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Gamify Your Classroom

A Field Guide to Game-Based Learning


Matthew Farber

This book is a field guide on how to implement game-based learning and «gamification» techniques to the everyday teaching. It is a survey of best practices aggregated from interviews with experts in the field, including: James Paul Gee (Author, What Video Games Have to Teach Us about Learning and Literacy); Henry Jenkins (Provost Professor at University of Southern California); Katie Salen (Founder, Institute of Play); Bernie DeKoven (Author, A Playful Path); Richard Bartle (Bartle’s Player Type Theory); Kurt Squire (Games + Learning + Society Center); Jessica Millstone (Joan Ganz Cooney Center), Dan White (Filament Games); Erin Hoffman (GlassLab Games); Jesse Schell (Schell Games/Professor at Carnegie Mellon); Tracy Fullerton (University of Southern California Game Innovation Lab); Alan Gershenfeld (E-Line Media); Noah Falstein (Chief Game Designer, Google); Valerie Shute (Professor at Florida State University); Lee Sheldon (Author, The Multiplayer Classroom); Robert J. Torres (Bill & Melinda Gates Foundation), Asi Burak (President, Games for Change); Toby Rowland (MangaHigh); Jocelyn Leavitt (Hopscotch); Krishna Vedati (Tynker); and researchers at BrainPOP and designers from Electric Funstuff (Mission U.S. games). Each chapter concludes with practical lesson plan ideas, games to play (both digital and tabletop), and links to research further. Much of the book draws on the author’s experiences implementing games with his middle school students. Regardless of your teaching discipline or grade level, whether you are a pre-service teacher or veteran educator, this book will engage and reinvigorate the way you teach and how your students learn!
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Chapter 9. University Game Labs


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Research for this book brought me to a treasure trove of games readily adaptable to my classroom. The CUNY Games Network in New York City has a portal entirely dedicated to teaching with games. Jesse Schell leads Carnegie Mellon’s innovative Entertainment Technology Center. Tiltfactor, the Mary Flanagan–led game lab at Dartmouth University, develops several digital and paper-based social impact titles. Tracy Fullerton heads the University of Southern California’s influential Games Innovation Lab. The program graduated luminaries who have had games exhibited at the Museum of Modern Art.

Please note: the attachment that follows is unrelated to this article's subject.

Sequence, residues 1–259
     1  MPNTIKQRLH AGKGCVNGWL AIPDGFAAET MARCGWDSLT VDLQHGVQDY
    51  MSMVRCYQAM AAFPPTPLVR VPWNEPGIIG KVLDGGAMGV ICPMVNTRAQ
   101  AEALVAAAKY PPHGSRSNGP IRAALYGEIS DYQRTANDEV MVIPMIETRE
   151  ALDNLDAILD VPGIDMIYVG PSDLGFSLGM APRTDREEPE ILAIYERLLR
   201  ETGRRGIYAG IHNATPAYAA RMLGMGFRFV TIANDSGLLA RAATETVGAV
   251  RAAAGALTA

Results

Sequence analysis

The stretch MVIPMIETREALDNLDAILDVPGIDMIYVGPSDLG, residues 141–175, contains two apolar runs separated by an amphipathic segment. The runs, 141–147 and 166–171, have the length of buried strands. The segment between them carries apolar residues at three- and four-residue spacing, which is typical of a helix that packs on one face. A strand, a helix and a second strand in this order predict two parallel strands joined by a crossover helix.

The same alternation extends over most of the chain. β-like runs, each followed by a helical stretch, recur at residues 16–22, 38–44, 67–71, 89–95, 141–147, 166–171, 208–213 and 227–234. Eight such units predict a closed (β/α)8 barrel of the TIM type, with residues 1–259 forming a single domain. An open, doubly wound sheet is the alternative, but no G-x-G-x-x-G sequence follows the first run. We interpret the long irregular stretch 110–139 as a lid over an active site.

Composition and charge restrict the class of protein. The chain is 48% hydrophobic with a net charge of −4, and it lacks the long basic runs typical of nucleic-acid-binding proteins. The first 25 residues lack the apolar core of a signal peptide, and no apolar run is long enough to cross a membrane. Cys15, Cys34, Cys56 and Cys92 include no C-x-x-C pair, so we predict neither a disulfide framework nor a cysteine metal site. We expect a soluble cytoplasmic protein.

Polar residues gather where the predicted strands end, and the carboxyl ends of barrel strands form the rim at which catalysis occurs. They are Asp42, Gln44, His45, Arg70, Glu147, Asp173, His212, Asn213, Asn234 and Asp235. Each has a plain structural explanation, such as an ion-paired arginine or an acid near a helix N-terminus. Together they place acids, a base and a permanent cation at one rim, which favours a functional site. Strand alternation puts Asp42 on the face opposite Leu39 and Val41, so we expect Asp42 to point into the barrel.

Much of today’s games and learning research is conducted at the University of Wisconsin–Madison. James Gee spent a decade as a professor at Madison. Kurt Squire and Constance Steinkuehler, who are husband and wife, extended the program by co-founding the Games + Learning + Society (GLS) Center. Each year it hosts the annual GLS Conference. Squire and Steinkuehler both led research on situated learning in games, describing how people learn informally in order to advance in a game. At the 11th Annual Games for Change Festival, Steinkuehler discussed many positive findings from well-designed games, especially those that build “academic” language, a literacy skill useful for college entrance exams. For example, research indicated that inner-city youth read above their reading level in order to advance in the game Civilization.

← 159 | 160 → Squire co-founded the Education Arcade at MIT, with Henry Jenkins. It conducts research and development in games as part of MIT’s Scheller...

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